Photo by Kaspars Eglitis on UnsplashHello again from the makeshift desk space in my apartment corner next to…
What a month June 2020 was. It opened many of our eyes much more widely than they had been (a definitive privilege, to say the least) to the systems of oppression and racial injustice that continue to be so incredibly invasive in this country. As we move into the weeks, months, and years to come, may we continue to do the work and learn the lessons that were so rampantly and crucially imparted on us over the course of the past few weeks.
Today we’re rounding up some of the articles, products, podcasts, and more that grabbed hold of our attention these past few weeks. (Here are links to the first, second, and third posts in the series, should you feel so inclined to have a look.) If there’s anything you came across this month that you’d like to share, we’d love to hear your input in the comments! We hope you enjoy the weekend folks.
1. A stunning home tour on Apartment Therapy featuring the space of This House 5000 blogger, Elena Lohse. Her 900 square foot Toronto home features a neutral color palette (with small pops of orange tones throughout), budget-friendly furniture finds, and a number of impressive DIY projects.
2. An incredible, moving essay by writer Hilton Als in The New Yorker titled, “My Mother’s Dreams for Her Son, and All Black Children.” In it, Als dives into topics of family, community, race, and discrimination throughout their upbringing. It’s well worth a read.
3. For anyone who enjoys hearing humorous tales of dating, sex, friendship, and, you know, life in general, I’d highly recommend the podcast Why Won’t You Date Me? with Nicole Byer (it’s also a very nice respite for anyone who’s single during the pandemic!). I first heard of the show in May and have since zoomed through almost all of the 134 episodes—it’s that entertaining folks.
4. Kate sent this article to our team yesterday. Titled “The End of the Girlboss Is Here” and written by Leigh Stein on Medium, it delves into ideas of capitalism, wealth inequality, and the broken system that holds “hustle” as the highest virtue. Stein writes, “Until this country is willing to reckon with its extraordinary wealth inequality, and our government requires corporations to pay their fair share in taxes, we will continue to see reincarnations of the girlboss because she’s a manifestation of the American myth that says if you’re not succeeding, it must be because you’re not trying hard enough.”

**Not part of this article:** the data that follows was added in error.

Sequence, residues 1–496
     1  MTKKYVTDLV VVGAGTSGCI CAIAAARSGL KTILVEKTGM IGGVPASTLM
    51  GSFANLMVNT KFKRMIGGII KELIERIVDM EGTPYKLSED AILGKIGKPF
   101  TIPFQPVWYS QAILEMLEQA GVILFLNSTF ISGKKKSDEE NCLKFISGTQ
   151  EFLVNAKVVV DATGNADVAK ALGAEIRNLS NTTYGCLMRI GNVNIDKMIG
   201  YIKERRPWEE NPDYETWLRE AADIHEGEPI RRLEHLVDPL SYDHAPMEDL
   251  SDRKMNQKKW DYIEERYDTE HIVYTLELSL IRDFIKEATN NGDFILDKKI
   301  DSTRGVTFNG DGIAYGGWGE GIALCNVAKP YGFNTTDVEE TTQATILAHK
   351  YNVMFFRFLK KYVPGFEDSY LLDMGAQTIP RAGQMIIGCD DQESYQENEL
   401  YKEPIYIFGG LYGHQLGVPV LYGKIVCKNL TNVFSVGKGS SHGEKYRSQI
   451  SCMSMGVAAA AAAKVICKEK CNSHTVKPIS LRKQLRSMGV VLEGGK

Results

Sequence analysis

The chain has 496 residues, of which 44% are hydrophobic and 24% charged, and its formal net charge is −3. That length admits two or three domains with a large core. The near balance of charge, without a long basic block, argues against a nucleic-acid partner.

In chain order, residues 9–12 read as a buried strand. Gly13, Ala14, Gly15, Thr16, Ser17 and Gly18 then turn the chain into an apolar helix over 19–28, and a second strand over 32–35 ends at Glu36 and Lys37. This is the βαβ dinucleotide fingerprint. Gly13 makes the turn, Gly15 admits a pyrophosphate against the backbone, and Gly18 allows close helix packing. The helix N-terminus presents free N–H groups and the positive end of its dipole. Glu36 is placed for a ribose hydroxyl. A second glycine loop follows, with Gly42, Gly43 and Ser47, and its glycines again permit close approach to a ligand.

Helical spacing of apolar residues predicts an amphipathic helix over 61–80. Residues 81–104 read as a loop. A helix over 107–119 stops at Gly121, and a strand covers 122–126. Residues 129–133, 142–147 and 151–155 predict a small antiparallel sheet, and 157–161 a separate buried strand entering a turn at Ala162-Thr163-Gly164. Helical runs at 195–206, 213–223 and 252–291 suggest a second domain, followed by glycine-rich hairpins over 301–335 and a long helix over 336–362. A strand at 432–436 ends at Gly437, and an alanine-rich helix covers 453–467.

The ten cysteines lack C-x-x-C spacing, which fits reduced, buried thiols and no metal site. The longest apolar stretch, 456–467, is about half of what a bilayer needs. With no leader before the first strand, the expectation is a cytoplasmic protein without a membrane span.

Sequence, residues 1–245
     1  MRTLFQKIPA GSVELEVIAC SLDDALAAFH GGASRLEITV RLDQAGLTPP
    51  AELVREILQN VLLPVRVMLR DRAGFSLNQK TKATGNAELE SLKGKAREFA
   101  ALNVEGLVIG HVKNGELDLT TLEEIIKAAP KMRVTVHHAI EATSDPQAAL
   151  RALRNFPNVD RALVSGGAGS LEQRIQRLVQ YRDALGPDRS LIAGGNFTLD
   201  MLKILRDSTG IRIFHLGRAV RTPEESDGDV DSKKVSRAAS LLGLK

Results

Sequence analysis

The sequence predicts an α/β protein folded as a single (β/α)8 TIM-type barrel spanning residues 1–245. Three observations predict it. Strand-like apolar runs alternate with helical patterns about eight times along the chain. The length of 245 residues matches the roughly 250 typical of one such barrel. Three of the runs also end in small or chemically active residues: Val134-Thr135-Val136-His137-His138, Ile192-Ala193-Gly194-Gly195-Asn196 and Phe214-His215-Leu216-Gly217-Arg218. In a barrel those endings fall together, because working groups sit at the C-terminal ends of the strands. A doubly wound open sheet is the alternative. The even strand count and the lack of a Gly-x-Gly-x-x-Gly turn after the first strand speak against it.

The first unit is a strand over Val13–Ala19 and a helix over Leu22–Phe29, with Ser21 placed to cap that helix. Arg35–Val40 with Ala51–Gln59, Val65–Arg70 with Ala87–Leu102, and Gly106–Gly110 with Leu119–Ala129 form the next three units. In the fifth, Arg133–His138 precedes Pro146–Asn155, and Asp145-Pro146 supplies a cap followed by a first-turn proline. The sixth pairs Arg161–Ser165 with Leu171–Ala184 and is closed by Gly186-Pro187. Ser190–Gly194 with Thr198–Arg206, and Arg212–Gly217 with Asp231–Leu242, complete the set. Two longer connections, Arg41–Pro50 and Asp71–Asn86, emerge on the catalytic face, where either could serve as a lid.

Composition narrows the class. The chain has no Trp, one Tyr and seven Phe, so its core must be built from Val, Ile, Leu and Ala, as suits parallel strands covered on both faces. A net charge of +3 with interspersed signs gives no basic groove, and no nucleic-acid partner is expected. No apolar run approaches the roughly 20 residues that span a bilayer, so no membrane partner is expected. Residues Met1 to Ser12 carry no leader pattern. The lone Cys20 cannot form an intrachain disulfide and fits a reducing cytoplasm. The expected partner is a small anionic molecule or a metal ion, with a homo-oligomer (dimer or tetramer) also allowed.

5. In partnership with Rachel Cargle and The Loveland Foundation, Getaway launched an initiative called “100 Nights of Rest” which will grant 100 free Getaways to Black people working for change, or those fighting for the Black community, who’d benefit from a night away to rest. Nominations are being accepted at this link through September 24, 2020.
6. There are so many incredible lists highlighting Black-owned businesses online right now. A few of the ones we keep returning to include this article, “138 Black-Owned Businesses to Support” from The Strategist at New York Magazine, this directory of home and interior bloggers/designers and home goods shops from By Lisa Linh, and these roundups of Black businesses from Francine Thompson: part 1 and part 2.
7. Re: the above, my next swimsuit purchase is coming straight from the brand Arrow + Phoenix (I have my eye on this one-piece in particular!). Their line of swimwear caught my attention immediately with simple, well-crafted silhouettes in beautiful colors. And, another important note! Their swimwear pieces are made in the U.S. from a sustainable fiber made from regenerated nylon. And that’s something we can all get behind.
8. A recipe that’s a favorite of new business director, Erin, and her family. It’s ever so aptly titled the “Change Your Life Shawarma.” Lofty words and yet, this recipe may just live up to the hype.
9. This article by writer Glynnis MacNicol, “It’s Okay to Say You Wish You Weren’t Alone Right Now.” For anyone living alone during the pandemic (raises hand), this piece is a much-needed reminder that, independent and strong though we may be, it’s okay to not feel okay all the time.
10. An article from Bobby Berk that explores how terms frequently used in design can be shifted to be more inclusive.